Location: Soil Dynamics ResearchTitle: Influence of plant growth-promoting rhizobacteria on corn growth under different fertility sources Author
|Lin, Yaru - Auburn University|
|Kloepper, Joseph - Auburn University|
|Torbert, Henry - Allen|
Submitted to: Communications in Soil Science and Plant Analysis
Publication Type: Peer Reviewed Journal
Publication Acceptance Date: 3/16/2018
Publication Date: 4/13/2018
Citation: Lin, Y., Watts, D.B., Kloepper, J.W., Torbert III, H.A. 2018. Influence of plant growth-promoting rhizobacteria on corn growth under different fertility sources. Communications in Soil Science and Plant Analysis. 49:1239-1255. https://doi.org/10.1080/00103624.2018.1457155.
DOI: https://doi.org/10.1080/00103624.2018.1457155 Interpretive Summary: There are free-living bacteria in soil that live around the plant roots. Previous research has shown that some of these bacteria can improve plant growth by increasing the supply or availability of soil nutrients for plant uptake. These bacteria are called plant growth-promoting rhizobacteria (PGPR). A greenhouse container study was conducted to determine the influence of PGPR application along with poultry litter and biosolids on corn growth. The use of PGPR resulted in some differences for the plant growth parameters, but no consistent increase in corn biomass production was observed. However, since all fertilizer sources (poultry litter, biosolids, and urea) were applied at the optimal rate needed to maximize corn production the impact of the PGPR on plant growth-promotion may have been masked.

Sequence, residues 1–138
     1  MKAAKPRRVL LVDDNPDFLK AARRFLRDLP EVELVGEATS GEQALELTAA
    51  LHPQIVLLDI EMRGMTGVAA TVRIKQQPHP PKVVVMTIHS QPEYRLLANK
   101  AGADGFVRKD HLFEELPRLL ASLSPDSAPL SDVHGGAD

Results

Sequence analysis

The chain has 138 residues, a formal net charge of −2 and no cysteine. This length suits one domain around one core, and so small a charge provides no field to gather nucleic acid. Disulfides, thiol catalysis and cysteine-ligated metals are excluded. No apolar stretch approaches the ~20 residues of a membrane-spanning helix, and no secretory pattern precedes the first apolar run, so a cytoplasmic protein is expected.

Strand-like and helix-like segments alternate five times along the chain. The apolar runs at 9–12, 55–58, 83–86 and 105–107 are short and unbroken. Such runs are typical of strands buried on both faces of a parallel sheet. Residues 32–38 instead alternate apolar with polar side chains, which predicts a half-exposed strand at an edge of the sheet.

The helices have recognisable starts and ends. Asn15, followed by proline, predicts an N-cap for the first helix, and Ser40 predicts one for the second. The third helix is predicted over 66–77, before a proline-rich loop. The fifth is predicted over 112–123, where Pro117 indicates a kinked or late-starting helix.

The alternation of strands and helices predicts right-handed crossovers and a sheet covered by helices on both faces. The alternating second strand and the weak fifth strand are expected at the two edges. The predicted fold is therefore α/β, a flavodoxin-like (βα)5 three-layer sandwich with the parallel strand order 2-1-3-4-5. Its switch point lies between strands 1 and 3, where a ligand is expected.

Technical Abstract: Free-living bacteria in the plant rhizosphere can mediate soil processes such as nitrogen fixation, mineralization, solubilization, and nutrient mobilization. Thus, inoculating seeds with bacteria known to promote plant growth may be a promising technique for enhancing nutrient-use efficiency and improving crop production. Accordingly, a study was conducted to evaluate the effects of plant growth-promoting rhizobacteria (PGPR) on root establishment and biomass production of corn (Zea mays L.) during the early growth stages using three fertility sources under greenhouse conditions. Treatments included three fertility sources (poultry litter (PL), biosolids, and urea) at 168 kg total N ha-1 and five PGPR inoculants (4 PGPR strain mixtures and 1 control without PGPR). Applying PL significantly improved root morphological parameters and increased plant biomass at the V4, V6, and VT growth stages when compared to the other fertility sources. At the V4 stage, PGPR stimulated root growth and enhanced aboveground biomass with urea and PL, while no differences were observed with PGPR and biosolids. At the V6 stage, PL, biosolids, and urea with PGPR significantly increased some growth parameters (e.g., plant height, leaf area, and root morphology). However, at the VT stage, PGPR’s influence on plant growth was minimal regardless of fertility source. Applying the fertility sources at 135 kg N ha-1 may have masked PGPR’s influence on corn growth as the plants reached their later vegetative growth stages. Future research is needed to evaluate the influence of PGPR on plant growth when fertility requirements are not optimal.